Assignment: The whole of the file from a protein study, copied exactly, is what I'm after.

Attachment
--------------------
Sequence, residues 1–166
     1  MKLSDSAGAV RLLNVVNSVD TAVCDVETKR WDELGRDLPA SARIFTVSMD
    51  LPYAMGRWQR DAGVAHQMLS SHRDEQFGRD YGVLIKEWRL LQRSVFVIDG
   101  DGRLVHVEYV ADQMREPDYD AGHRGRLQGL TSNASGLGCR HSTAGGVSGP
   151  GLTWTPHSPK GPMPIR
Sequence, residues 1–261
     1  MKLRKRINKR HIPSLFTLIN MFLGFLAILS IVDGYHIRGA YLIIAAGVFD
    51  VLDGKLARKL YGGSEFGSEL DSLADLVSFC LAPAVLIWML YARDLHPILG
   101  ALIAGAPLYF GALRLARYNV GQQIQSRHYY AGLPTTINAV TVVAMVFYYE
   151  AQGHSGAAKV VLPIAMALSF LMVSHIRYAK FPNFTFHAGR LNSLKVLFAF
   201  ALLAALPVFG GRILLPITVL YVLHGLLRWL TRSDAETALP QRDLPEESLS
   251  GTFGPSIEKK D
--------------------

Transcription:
Sequence, residues 1–166
     1  MKLSDSAGAV RLLNVVNSVD TAVCDVETKR WDELGRDLPA SARIFTVSMD
    51  LPYAMGRWQR DAGVAHQMLS SHRDEQFGRD YGVLIKEWRL LQRSVFVIDG
   101  DGRLVHVEYV ADQMREPDYD AGHRGRLQGL TSNASGLGCR HSTAGGVSGP
   151  GLTWTPHSPK GPMPIR
Sequence, residues 1–261
     1  MKLRKRINKR HIPSLFTLIN MFLGFLAILS IVDGYHIRGA YLIIAAGVFD
    51  VLDGKLARKL YGGSEFGSEL DSLADLVSFC LAPAVLIWML YARDLHPILG
   101  ALIAGAPLYF GALRLARYNV GQQIQSRHYY AGLPTTINAV TVVAMVFYYE
   151  AQGHSGAAKV VLPIAMALSF LMVSHIRYAK FPNFTFHAGR LNSLKVLFAF
   201  ALLAALPVFG GRILLPITVL YVLHGLLRWL TRSDAETALP QRDLPEESLS
   251  GTFGPSIEKK D